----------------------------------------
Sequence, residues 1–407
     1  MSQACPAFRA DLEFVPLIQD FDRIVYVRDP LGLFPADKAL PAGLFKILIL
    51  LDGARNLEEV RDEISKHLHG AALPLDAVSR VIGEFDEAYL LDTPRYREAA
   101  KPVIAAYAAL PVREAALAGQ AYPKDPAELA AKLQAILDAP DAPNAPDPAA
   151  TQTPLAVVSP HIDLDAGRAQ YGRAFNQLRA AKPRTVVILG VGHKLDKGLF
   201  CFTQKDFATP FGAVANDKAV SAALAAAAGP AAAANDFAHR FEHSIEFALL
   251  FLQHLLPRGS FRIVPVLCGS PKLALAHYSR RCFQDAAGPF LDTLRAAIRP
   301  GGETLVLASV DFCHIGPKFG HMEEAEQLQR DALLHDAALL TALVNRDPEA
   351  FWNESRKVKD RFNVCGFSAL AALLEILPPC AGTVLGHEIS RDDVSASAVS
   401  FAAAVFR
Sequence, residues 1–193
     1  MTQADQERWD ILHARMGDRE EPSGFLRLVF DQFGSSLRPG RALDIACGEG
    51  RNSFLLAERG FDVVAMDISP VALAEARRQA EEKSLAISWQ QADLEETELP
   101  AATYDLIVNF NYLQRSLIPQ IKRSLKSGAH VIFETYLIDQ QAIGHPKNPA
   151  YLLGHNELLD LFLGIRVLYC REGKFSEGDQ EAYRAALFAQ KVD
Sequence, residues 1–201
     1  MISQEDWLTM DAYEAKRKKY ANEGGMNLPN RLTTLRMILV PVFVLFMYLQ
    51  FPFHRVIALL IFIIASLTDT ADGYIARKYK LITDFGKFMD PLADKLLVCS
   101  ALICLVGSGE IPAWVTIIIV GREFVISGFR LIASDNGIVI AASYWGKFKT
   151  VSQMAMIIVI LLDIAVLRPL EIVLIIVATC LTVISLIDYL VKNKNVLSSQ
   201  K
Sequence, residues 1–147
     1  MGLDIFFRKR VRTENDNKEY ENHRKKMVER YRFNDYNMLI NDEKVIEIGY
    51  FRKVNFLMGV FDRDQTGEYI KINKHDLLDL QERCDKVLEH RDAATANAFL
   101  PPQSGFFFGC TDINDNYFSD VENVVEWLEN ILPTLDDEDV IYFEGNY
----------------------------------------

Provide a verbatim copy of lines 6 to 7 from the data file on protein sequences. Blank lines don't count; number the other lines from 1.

   201  CFTQKDFATP FGAVANDKAV SAALAAAAGP AAAANDFAHR FEHSIEFALL
   251  FLQHLLPRGS FRIVPVLCGS PKLALAHYSR RCFQDAAGPF LDTLRAAIRP